How Schools Can Adapt PE For Disabled Students

When I was in high school I was required just like everyone else to take a pe class to graduate. I have always been passionate about fitness and struggled with finding ways to stay active because of my disability so when I heard about adaptive pe I was hopeful. After I starting taking adapting pe I soon realized it was a total joke because they were treating all disabilities as one and it was either super easy for you or you had to sit out of an activity. Every disability is different and if you don’t take that into consideration when teaching adaptive physical education once your student finishes that requirement they wouldn’t have learned anything from it and won’t be encouraged to have a healthy active lifestyle because they will be convinced it’s too hard to do so. If you are an educator and not sure how you can make an impact on disabled students that they can take with them after they graduate here are some tips that may help.

Listen to disabled people- There is nothing worse than having a teacher that thinks they know more about your disability than you do. During our time in adaptive PE Karly and I very frequently had to do laps in freezing cold weather but because of Karly’s Muscular Dystrophy, cold weather is hard for her to tolerate so she would ask to stay in. How a girl in a power chair benefitted from doing laps on the track I will never understand because she wasn’t really doing anything except burning her battery! In most cases, they would not let her stay in because they thought she was just being lazy and did not want to participate in the activity. To help you get a better understanding of how cold weather affects people like Karly I asked her how cold weather affects her and here is what she said:

Cold weather has always been really hard for me to tolerate. Having muscular dystrophy means that I also have really poor circulation, especially in my legs and feet. Because of that, I’m always cold, to begin with, even in the middle of summer. So, when I go out when it’s below 60 degrees, I get colder faster than a lot of people, and then it takes me hours after I’ve come back inside to warm back up. Another reason I try not to be outside in the cold for too long is that I get sick really easily and have a hard time fighting it off. Just a common cold can last a month for me, and I’m at high risk for something like pneumonia which would be super dangerous for me. Some disabled people can’t tolerate cold weather and when disabled people tell that they are probably not saying that to get out of an activity but because they are concerned about their health. Listen to disabled people when they tell you something and if you have a hunch they could be lying then reach out to the parents but don’t just assume they are without reason.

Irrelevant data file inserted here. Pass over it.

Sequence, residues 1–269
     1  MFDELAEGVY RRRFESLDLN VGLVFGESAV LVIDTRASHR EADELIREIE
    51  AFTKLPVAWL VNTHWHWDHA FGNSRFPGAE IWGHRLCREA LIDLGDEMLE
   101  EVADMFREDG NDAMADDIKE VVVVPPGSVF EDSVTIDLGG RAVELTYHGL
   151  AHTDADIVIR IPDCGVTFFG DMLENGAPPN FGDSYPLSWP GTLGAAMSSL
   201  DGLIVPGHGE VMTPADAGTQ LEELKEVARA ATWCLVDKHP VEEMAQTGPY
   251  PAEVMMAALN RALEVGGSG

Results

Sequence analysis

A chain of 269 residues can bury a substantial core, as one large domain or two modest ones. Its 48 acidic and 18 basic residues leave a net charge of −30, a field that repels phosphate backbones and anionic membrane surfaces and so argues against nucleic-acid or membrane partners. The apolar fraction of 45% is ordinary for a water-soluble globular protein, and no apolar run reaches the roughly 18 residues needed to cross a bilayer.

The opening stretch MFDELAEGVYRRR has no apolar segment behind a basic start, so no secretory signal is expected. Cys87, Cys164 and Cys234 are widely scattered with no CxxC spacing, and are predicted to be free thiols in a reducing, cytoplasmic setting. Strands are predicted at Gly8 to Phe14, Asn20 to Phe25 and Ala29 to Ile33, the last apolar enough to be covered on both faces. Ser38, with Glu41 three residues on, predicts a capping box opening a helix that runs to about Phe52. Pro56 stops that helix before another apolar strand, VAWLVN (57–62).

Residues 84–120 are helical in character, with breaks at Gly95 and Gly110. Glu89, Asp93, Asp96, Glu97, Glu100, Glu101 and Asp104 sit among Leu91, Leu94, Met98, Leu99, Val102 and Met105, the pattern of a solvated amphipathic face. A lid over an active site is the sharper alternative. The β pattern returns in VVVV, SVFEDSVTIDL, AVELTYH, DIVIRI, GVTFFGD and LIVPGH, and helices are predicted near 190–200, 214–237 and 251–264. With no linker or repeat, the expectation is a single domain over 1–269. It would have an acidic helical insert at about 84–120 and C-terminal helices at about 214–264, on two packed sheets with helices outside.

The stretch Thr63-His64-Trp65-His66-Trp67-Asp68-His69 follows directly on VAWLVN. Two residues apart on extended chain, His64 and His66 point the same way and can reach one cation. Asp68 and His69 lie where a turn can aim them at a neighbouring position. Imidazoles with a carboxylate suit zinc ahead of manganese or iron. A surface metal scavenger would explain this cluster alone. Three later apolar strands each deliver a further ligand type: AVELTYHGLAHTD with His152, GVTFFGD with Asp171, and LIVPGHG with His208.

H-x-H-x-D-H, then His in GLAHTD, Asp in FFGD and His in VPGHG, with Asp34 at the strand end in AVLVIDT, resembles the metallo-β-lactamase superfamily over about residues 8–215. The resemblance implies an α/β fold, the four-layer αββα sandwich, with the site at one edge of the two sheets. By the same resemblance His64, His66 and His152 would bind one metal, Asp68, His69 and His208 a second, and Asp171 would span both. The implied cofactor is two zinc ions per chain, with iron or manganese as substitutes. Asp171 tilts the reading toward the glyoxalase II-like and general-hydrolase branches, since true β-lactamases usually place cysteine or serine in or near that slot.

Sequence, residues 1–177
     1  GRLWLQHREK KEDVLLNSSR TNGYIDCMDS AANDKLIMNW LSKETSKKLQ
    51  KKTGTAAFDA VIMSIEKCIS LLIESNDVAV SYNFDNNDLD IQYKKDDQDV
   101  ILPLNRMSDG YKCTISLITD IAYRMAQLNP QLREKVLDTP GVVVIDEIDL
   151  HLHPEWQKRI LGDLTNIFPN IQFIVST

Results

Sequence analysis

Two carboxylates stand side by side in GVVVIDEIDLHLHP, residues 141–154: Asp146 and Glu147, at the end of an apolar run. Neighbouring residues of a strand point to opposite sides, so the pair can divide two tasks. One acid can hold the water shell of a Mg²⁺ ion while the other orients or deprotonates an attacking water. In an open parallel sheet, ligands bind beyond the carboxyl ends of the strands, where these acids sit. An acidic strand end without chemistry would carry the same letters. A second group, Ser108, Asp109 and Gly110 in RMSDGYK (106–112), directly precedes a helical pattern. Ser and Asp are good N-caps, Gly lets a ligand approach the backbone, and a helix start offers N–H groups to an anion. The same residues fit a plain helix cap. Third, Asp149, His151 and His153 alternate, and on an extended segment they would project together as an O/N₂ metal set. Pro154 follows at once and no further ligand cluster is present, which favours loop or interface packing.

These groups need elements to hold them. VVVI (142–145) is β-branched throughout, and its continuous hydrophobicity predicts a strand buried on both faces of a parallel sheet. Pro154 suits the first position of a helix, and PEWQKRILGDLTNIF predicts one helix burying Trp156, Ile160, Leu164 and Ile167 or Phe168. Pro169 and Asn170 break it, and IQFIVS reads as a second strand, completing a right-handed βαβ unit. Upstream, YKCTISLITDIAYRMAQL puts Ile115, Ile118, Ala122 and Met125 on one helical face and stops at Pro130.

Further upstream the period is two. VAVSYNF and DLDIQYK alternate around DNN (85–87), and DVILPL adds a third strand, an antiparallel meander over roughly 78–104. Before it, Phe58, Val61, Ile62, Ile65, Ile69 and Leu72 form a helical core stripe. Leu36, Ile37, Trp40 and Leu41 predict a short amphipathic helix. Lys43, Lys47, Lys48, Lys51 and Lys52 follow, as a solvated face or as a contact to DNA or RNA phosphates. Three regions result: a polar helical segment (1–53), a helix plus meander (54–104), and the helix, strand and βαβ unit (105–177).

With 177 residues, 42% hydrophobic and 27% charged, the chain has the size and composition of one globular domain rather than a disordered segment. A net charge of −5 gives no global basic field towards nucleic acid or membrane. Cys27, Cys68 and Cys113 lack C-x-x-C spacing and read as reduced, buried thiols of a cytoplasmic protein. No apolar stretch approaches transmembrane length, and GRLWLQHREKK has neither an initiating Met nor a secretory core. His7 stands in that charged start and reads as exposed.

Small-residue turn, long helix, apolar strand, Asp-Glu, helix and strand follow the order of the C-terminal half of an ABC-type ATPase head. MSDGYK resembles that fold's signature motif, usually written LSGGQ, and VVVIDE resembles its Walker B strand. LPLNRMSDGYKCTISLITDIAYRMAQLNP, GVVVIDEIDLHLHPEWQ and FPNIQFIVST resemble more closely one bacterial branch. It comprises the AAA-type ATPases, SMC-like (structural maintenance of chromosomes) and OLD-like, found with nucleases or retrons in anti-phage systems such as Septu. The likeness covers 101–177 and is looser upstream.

Have nutrition as an option- One thing I never understood when I was going to school is why physical fitness was a requirement for everyone and nutrition wasn’t. Eighty percent of how you look and feel comes down to the foods you put in your body so why is personal education more important than nutrition? Some disabled people can’t really do fitness at all so taking a fitness class isn’t really beneficial for them so why can’t the people that don’t benefit have the option to take nutrition instead. Many disabled people struggle with nutrition so why are we forcing them to take a fitness class when they aren’t going to benefit from it. Disabled people that would benefit from a PE class are usually very active and their whole lives revolve around fitness so they don’t really need one and anything you teach them they probably already know so they would learn more from a nutrition class than they would a PE class.. I took a nutrition class as an elective in high school and I learned so much from it that it should have been a graduation requirement instead of PE because it can help so many disabled people who can’t work out and have to focus on nutrition.